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Discussion Starter · #1 · (Edited)
If this subject has been previously broached on this forum, I appologize for being tedious.

About a hundred and twenty years ago pocket watches began being strapped to wrists. This one inovation spelled the end of the pocket watch. There were fantastic pieces made that are still being traded on eBay today. I think the most expensive watch in the world is a piece by Patek made for an American president whose name escapes me. It has an incredible number of complications, but I don't believe that Patek makes any pocket watches today. Time moves on.

I've noticed that few young people wear watches, but all have cell phones. My cell keeps better time than all of my watches because it updates to the atomic clock time pulse. I've recently explained my fascination with mechanical watches as an obsession with exquisit kenitic art. Are we living in the golden age of mechanical wristwatches? Will they become completely anachronistic like bowties or top hats? Swiss manufacturing is consolidating, a sign I believe of troubles with this trend. I don't know about Seiko's outlook or how the income is trending with Japanese watchmaking, but they can't be immune. There are no remaining American watch companies except a few small boutique watchmakers. China is moving in on the remaining market.

Does this mean our collections will increase in value over time? Will watchmakers become few and far with repairs increasingly difficult? Are there enough of us to keep this alive? Crystal ball thoughts? Will wristwatches become cell phones(I can never find my **** cell how about tying it to your wrist)? Is Seiko's Astron the trend to more and more electronic features and an end to the mechanical?
 

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The Patek you refer to wasn't for a President, it was for tycoon Henry Graves. He ordered it to one-up his buddy who had just received a PP.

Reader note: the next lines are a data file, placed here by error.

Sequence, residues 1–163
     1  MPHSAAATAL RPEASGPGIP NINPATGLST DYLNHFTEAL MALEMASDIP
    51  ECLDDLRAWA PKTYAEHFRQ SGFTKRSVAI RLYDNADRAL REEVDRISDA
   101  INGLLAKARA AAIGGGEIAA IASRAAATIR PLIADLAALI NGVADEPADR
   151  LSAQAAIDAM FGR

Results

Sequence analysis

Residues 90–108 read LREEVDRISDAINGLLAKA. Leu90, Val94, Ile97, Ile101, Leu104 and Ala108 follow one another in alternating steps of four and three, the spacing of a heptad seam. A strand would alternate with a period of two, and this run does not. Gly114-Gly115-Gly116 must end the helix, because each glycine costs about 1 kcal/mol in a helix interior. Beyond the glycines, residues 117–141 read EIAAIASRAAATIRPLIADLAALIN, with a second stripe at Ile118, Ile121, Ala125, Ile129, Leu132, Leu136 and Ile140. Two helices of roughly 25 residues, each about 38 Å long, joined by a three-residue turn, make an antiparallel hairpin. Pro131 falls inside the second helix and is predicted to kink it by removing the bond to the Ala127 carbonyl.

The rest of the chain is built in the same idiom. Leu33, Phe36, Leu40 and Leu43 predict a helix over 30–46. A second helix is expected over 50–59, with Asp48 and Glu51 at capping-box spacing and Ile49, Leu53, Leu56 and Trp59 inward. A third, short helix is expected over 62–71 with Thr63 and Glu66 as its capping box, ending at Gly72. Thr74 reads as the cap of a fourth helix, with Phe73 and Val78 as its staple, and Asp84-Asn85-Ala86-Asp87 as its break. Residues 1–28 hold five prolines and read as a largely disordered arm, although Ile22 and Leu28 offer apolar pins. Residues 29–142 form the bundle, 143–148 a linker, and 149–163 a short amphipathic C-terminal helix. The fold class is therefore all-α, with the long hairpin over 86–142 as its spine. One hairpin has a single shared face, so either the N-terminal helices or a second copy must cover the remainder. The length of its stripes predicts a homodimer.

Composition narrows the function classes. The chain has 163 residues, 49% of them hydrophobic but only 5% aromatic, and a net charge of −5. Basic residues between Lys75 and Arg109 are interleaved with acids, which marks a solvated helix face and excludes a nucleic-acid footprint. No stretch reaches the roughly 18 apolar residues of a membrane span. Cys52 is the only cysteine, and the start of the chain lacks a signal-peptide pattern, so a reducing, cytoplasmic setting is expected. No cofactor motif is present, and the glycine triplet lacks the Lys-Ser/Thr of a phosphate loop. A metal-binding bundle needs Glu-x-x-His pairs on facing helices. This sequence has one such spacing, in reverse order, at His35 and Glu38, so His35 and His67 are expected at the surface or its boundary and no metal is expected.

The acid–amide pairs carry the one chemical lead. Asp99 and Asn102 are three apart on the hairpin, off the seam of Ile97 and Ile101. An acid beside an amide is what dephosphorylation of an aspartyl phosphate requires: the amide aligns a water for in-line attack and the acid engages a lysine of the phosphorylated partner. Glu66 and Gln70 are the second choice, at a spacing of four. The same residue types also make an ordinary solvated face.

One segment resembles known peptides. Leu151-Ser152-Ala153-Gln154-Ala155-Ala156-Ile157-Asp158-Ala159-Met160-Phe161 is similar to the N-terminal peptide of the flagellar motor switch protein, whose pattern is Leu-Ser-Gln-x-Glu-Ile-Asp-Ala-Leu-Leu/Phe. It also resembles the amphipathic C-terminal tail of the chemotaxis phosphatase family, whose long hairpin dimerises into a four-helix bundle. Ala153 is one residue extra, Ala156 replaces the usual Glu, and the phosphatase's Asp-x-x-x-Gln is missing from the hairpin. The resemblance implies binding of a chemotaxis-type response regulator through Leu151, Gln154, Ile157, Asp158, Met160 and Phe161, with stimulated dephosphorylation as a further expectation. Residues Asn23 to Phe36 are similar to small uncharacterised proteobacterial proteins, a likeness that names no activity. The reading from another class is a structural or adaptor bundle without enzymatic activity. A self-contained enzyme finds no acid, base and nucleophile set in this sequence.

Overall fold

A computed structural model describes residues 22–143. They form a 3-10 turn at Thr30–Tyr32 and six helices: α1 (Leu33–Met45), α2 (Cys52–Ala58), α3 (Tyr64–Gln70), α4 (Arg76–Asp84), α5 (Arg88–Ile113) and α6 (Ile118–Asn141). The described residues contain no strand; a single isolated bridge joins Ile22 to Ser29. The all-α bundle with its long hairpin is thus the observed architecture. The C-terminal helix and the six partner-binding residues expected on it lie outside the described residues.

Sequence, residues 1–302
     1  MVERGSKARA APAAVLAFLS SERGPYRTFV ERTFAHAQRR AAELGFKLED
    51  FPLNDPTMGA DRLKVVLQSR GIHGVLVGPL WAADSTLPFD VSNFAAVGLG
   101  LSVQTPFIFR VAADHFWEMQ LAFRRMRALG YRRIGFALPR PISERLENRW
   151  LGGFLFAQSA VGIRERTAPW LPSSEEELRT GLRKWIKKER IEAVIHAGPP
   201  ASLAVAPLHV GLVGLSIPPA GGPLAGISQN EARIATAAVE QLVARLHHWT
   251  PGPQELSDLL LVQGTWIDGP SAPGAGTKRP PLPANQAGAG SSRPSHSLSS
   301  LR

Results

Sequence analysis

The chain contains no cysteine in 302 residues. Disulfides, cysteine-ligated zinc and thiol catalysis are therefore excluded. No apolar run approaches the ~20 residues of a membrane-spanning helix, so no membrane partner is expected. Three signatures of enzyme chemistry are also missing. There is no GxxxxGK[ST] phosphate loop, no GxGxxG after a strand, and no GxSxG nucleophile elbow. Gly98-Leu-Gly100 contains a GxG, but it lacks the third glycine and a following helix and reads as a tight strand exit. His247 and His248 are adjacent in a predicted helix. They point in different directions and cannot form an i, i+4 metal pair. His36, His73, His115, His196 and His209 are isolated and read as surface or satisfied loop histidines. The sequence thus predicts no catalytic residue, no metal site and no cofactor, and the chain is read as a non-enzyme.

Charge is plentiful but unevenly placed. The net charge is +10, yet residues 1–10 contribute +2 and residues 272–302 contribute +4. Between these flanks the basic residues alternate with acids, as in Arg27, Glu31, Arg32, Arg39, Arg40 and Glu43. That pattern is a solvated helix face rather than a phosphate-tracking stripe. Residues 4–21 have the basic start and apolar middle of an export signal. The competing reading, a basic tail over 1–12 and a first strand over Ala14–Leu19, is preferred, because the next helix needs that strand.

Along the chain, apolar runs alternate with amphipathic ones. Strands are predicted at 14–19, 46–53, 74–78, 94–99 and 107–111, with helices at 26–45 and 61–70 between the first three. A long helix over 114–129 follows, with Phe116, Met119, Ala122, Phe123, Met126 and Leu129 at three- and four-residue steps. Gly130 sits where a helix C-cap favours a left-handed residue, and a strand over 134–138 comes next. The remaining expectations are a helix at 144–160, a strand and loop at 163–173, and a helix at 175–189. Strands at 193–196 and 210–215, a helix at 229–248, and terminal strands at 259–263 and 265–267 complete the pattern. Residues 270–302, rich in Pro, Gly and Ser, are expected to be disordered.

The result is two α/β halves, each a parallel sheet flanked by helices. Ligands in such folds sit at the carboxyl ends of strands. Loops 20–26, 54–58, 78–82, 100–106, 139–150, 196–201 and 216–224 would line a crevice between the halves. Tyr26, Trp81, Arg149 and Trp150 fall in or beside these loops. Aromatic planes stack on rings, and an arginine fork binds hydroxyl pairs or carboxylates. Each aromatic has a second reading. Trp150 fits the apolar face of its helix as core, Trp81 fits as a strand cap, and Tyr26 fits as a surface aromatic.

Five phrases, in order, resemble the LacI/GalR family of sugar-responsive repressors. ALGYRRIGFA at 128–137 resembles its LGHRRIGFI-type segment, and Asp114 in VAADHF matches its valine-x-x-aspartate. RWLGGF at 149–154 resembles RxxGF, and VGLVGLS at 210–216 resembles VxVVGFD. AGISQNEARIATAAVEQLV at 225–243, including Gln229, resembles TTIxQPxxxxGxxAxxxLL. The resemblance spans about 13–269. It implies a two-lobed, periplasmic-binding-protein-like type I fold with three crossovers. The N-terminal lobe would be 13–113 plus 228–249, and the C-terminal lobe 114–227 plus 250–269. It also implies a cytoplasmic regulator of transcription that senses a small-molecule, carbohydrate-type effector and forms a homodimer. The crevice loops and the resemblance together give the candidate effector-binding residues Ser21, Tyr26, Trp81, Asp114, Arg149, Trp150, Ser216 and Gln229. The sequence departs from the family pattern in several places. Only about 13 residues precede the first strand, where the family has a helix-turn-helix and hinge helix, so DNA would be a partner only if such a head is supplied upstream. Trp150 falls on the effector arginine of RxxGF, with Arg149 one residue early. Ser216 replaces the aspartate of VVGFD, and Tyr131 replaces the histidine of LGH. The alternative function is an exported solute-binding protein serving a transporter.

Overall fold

Mechanical watches survived the quartz infiltration and are getting more popular, not less. As men age, most seem to become more & more fascinated with craftsmanship. Cars are one item - a guy can usually afford a nice machine when he hits middle age. A good watch is something else the gear head in us appreciates.

Let me use an analogy or two I've said before:

A digital camera can take a more accurate image of boats in a harbor than an impressionist painting. That doesn't mean I'd rather look at a photo than a Renoir or Monet.

A gas / electric hybrid can efficiently get me from point A to point B. I'd certainly enjoy a drive in a vintage Ferrari more though.
 

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Interesting questions to ponder!
Humans are great dreamers, but lousy doers. By the year 2000 we were supposed to have our own flying cars and space-ports ala George Jetson....we're still using the internal combustion engine, aren't we? I believe the same will hold true for the wrist watch. At least for a while. The death of the humble wrist watch has been predicted before and I'm sure it will again. It will eventually die as a timepiece and morph into some sort of multi-multi-tasking thing unrecognizable by todays standards, but I won't be around to see it, and I'm not leaving this earth any time soon!

I look at it this way: The current trend is the appearance of individual brand boutiques from some pretty heavy names in the watch industry. I can't see them spending that kind of money if their product was in danger of decreasing in popularity.

FYI there are 4 pocket watch models on the current Patek-Philippe website...the 972, 973, 980, and 983 all using the caliber 17 movement
 

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Celebrities, NFL, NBA and baseball stars - all young- all with cell phones - wear expensive mechanical watches. Take a look at Letterman or Leno any night and see a constant parade of young stars with nice and expensive mechanical watches. Yea, they will be around for a long time to come.
 

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Discussion Starter · #5 · (Edited)
Patek still makes pocket watches???

Now isn't that more stimulating than "what watch are you wearing"? I wonder what the yearly % of sales for Patek's bottom line their pockets ammount to? It's strangely comforting to know they are still making them. I wonder what the interval was from the introduction of the automobile to the end of the family horse. Is it even relevant? I have a grandaughter who is 19 and soon there will be great grandchildren. What will be on their wrists? One of my collection? Crystal ball stuff.
 

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Watches are appealing as art, mechanical marvels, a practical tool, jewelry, and a status symbol. For guys specifically, and lets be honest, most watch nuts are guys, a watch is one of only a few things we can use to "accessorize". Women have an arsenal of purses, shoes and jewelry they can alternate, whether dressed formally or casually. For guys in a casual setting, for me at least, I can pick among my watches. Usually I end up matching whatever clothes I wear to what watch I want to wear that day. If anything, the desire for cheap utilitarian watches will decrease as phones replace all their features and usefulness. A fine mechanical watch, or even a mid range Seiko or Citizen will always be desirable because the desire doesn't stem from just wanting to know what time it is.
 
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